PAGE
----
Styrofoam is a disposable, petroleum-based plastic made of a material called polystyrene. Although the qualities of Styrofoam--light weight and durable--make it useful in many transportation and storage capacities, such as holding coffee and packing electronics, it is actually a harmful material that takes an incredibly long time to break down. Aside from being bad for the environment, Styrofoam also contains dangerous chemicals such as styrene and benzene, and is highly flammable. To avoid these hazards, opt for one of several preferable substitutes.
Biodegradable Packing Peanuts
Everyone is familiar with Styrofoam packing peanuts that often fill up the majority of a box and leave you overwhelmed with little bits of Styrofoam upon opening the package. As an alternative to this hazardous mess, several companies have developed biodegradable packing peanuts. These environmentally-friendly materials are non-toxic, reusable, compostable and, in some cases, even dissolve in water.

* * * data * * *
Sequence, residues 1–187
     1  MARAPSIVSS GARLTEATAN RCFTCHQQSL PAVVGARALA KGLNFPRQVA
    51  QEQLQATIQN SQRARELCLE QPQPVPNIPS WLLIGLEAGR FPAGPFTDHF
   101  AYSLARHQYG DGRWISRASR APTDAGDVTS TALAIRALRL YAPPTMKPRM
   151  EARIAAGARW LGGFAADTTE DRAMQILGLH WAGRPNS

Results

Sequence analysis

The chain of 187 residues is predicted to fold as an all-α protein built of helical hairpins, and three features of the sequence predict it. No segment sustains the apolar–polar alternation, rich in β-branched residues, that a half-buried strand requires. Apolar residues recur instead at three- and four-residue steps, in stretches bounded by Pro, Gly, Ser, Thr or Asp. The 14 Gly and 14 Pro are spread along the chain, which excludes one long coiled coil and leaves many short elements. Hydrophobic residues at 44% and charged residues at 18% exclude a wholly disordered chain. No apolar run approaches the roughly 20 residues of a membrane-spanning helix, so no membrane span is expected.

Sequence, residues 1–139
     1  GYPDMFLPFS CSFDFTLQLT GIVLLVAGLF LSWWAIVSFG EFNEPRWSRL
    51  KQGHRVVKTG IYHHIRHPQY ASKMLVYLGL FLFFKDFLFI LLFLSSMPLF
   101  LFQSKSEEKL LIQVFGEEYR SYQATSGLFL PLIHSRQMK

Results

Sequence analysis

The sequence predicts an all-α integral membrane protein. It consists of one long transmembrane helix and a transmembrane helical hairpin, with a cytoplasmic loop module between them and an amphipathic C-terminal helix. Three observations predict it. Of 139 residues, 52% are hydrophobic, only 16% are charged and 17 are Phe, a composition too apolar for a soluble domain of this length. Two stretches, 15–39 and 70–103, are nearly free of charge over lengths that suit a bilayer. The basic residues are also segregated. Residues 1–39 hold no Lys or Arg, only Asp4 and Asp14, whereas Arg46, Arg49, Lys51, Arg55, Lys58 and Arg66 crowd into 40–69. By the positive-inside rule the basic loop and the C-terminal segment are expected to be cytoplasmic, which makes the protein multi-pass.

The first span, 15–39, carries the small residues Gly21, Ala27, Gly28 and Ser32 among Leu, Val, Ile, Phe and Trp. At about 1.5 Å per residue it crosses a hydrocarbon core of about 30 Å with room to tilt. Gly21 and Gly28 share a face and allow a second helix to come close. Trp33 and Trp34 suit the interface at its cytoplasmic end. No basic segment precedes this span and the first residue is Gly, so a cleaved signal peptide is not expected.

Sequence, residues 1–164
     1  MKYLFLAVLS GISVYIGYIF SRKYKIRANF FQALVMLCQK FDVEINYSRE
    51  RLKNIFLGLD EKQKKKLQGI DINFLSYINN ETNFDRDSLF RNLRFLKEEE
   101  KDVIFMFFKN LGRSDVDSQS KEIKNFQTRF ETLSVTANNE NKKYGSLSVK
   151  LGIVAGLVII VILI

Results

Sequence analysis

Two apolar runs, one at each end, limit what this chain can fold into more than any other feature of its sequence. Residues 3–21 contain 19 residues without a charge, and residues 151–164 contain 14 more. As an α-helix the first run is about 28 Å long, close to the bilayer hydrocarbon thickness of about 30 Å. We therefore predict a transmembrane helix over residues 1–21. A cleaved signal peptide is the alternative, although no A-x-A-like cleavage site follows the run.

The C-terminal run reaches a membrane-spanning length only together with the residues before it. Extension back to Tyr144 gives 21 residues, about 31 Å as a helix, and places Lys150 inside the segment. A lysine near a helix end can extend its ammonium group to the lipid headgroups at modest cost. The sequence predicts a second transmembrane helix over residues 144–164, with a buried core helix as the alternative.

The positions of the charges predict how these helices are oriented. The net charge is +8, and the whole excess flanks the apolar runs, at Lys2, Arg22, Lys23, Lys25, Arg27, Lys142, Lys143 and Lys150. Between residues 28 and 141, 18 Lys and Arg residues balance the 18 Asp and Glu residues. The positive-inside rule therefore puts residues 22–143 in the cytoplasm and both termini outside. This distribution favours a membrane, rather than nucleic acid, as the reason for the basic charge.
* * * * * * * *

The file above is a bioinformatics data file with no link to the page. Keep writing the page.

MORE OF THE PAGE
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Sugar Cane Packaging
Sugar cane plant fibers are another substitute for Styrofoam. Sugar cane products, which are environmentally friendly and compostable, include plates, bowls and other to-go packaging and containers; they work well with both hot and cold food.
Paper Product Substitutes
There are many uses for which paper serves as a good Styrofoam substitute. For example, crumpling up newspaper and using it for packaging in lieu of Styrofoam peanuts is a good way to recycle and reuse rather than create more waste. Paper products are often easy to recycle and contain far fewer harmful chemicals than Styrofoam.
Reusable containers are not a new invention by any means, however, they are a simple and effective alternative to Styrofoam when it comes to storage. Using your own reusable coffee cup or plate at work or school can save you money and save the environment from unnecessary waste products. Environmentally friendly, reusable containers include glass, ceramic and stoneware, among others. They are washable and do not leech harmful chemicals into your food or drinks, or into the environment when they are eventually discarded due to breakage or excessive wear.